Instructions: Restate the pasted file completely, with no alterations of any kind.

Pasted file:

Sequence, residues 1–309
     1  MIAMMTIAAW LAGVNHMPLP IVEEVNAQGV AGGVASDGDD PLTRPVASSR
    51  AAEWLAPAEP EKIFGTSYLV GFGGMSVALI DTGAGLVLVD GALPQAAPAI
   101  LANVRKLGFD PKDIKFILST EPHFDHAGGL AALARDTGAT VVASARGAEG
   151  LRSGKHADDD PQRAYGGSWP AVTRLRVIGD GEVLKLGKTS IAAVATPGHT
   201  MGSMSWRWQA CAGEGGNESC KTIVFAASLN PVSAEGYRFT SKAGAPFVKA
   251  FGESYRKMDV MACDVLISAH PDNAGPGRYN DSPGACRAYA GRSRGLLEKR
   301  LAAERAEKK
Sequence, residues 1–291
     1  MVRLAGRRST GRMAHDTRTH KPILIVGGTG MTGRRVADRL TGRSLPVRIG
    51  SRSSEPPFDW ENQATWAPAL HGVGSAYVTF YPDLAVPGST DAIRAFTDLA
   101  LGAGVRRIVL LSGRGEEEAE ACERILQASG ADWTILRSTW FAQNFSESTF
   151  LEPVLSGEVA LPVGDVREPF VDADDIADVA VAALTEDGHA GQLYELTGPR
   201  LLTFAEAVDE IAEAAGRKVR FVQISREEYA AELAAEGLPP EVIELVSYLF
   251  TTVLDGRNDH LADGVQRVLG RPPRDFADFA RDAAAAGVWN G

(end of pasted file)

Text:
Sequence, residues 1–309
     1  MIAMMTIAAW LAGVNHMPLP IVEEVNAQGV AGGVASDGDD PLTRPVASSR
    51  AAEWLAPAEP EKIFGTSYLV GFGGMSVALI DTGAGLVLVD GALPQAAPAI
   101  LANVRKLGFD PKDIKFILST EPHFDHAGGL AALARDTGAT VVASARGAEG
   151  LRSGKHADDD PQRAYGGSWP AVTRLRVIGD GEVLKLGKTS IAAVATPGHT
   201  MGSMSWRWQA CAGEGGNESC KTIVFAASLN PVSAEGYRFT SKAGAPFVKA
   251  FGESYRKMDV MACDVLISAH PDNAGPGRYN DSPGACRAYA GRSRGLLEKR
   301  LAAERAEKK
Sequence, residues 1–291
     1  MVRLAGRRST GRMAHDTRTH KPILIVGGTG MTGRRVADRL TGRSLPVRIG
    51  SRSSEPPFDW ENQATWAPAL HGVGSAYVTF YPDLAVPGST DAIRAFTDLA
   101  LGAGVRRIVL LSGRGEEEAE ACERILQASG ADWTILRSTW FAQNFSESTF
   151  LEPVLSGEVA LPVGDVREPF VDADDIADVA VAALTEDGHA GQLYELTGPR
   201  LLTFAEAVDE IAEAAGRKVR FVQISREEYA AELAAEGLPP EVIELVSYLF
   251  TTVLDGRNDH LADGVQRVLG RPPRDFADFA RDAAAAGVWN G